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UGANDA: Culture Killing Girls in Kapchorwa

In much of the world its sounds strange and even barbaric, but in Judith Natari's community, a girl whose genitals haven't been cut is considered impure, making her subject to ridicule and unlikely to find a husband. So when Natari was growing up, her parents could not wait for her turn to undergo the procedure.

Their pride would later turn to bitterness. Some 14 years after the 1990 procedure, their daughter became paralyzed from her waist down. Today, Natari is confined to a wheel chair. She cannot fetch water on her own, dig in the garden, or perform other household chores. And this appears likely to be her fate for the rest of her life.

Female circumcision -- or, as a growing number of critics call it, female genital mutiliation -- is still practiced in Uganda and many other parts of the world, even though women rights advocates decry it as cruel, and health experts say it is dangerous.

Natari's experience demonstrates the sorrow the procedure causes -- and just how hard a time its opponents will have to end it.

In December 1976, aged 16, Natari recalls being woken up early in the morning as they set off to the home of the circumciser, locally referred to as a "surgeon" who was to perform the circumcision ritual. Two other girls from the same village were supposed to be circumcised with Natari. They were accompanied by their parents, relatives and clan elders.

At the circumcisers' home, the girls were taken to the back of the house and told to lie on the ground. An aged woman who was to perform the ritual arrived shortly amid cheers and ululation from the elders and the crowd. The circumciser was holding a blunt knife; she stood first over the head of the first girl and performed the cut within a matter of seconds. The same process was repeated for all the girls. There are two other women, who usually accompanied the circumciser to help her carry her tools and clean the girls after the cutting has been performed.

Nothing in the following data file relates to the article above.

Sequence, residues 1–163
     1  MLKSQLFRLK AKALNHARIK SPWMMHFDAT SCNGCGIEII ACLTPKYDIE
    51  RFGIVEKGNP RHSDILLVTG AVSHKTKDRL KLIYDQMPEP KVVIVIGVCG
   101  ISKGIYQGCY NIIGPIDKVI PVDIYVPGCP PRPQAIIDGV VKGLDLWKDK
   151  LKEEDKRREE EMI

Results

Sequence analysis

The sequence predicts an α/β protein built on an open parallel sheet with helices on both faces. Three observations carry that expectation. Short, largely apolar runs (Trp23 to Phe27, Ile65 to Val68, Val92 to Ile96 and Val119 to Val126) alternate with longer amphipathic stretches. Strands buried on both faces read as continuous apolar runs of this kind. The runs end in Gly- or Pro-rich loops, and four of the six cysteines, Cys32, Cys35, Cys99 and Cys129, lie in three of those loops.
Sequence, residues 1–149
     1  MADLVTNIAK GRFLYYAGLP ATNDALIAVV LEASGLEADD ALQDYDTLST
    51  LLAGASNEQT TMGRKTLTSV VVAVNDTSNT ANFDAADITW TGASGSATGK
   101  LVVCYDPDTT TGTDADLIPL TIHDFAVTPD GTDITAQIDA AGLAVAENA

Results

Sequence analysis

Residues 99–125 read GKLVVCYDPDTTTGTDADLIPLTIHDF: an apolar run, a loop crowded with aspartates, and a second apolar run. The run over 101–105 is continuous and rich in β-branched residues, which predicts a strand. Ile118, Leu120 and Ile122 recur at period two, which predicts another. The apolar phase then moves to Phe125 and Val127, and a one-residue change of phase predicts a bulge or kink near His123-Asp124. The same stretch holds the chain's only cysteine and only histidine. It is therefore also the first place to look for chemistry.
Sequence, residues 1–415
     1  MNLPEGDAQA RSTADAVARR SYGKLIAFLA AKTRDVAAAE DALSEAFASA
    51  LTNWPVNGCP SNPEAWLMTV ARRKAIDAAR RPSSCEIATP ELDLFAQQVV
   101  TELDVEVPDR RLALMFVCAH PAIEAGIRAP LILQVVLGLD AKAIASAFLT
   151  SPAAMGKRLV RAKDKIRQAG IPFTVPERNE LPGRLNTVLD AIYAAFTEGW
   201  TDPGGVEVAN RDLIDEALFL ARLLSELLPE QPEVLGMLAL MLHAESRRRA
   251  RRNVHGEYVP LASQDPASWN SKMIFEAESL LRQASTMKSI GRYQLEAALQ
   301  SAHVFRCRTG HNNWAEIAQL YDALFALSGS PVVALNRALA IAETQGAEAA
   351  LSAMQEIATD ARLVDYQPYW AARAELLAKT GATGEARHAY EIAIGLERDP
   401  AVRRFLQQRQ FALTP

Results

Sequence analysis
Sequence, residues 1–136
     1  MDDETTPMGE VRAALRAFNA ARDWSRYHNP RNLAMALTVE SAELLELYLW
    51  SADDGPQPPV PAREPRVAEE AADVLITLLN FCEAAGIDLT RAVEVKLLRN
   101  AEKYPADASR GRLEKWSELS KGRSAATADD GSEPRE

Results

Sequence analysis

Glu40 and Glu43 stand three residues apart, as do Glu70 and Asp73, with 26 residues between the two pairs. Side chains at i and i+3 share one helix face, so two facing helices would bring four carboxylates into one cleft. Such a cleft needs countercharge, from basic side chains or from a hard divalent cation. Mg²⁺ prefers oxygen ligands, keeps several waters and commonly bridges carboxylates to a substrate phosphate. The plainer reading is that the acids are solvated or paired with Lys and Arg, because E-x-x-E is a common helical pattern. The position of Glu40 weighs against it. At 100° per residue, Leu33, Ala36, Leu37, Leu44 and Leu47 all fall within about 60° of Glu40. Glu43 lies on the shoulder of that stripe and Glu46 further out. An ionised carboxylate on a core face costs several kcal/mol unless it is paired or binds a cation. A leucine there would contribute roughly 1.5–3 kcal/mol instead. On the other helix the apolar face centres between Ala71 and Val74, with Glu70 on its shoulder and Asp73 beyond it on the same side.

This is the ritual of female genital mutilation or circumcision that is practiced among the Sabiny of Kapchorwa in eastern Uganda.

It is perceived as an important ritual that signifies a girls' entry into womanhood

The practice which involves the partial or total excision of the external female genitalia is usually performed by a female elder using a razor, knife, or piece of glass. It is seen as a way of ensuring that a woman is clean, chaste, and ready for marriage.

Women who are not circumcised are often times associated with promiscuity, lack of social respectability and face prejudice in their daily lives.

For the Sabiny, initiation ceremonies involving FGM are carried out every even year for girls between the ages of 14 and 16 years.

This is the sad culture.

But it is exposing girls to pain and health problems, given that at times the surgery is performed without anaesthetic or sterilisation, leading to infections, over bleeding and even death.

It is such crude procedures that the United Nations Population Fund and other human rights and health experts continue to condemn, calling for the protection of girls and women against the practice.

Natari is one of several Sabiny women whose circumcision ended in debilitating health problems.

She remembers being the last of the three girls to be circumcised. "It was a very painful experience but we all had to go through it else you were ridiculed in the whole village and isolated," Natari said.

After the circumcision, Natari was given some herbal medicine which she would rub in her private parts to prevent infection and accelerate the healing process.

She was cautioned by the circumciser on the strict use of the medicine, which she obliged. One year after the circumcision in 1977, Natari got married to Mr Stephen Natari. She gave birth to her first two children with no complications. After giving birth to her third born, Ms Natari started developing frequent body pain especially around her waist and legs.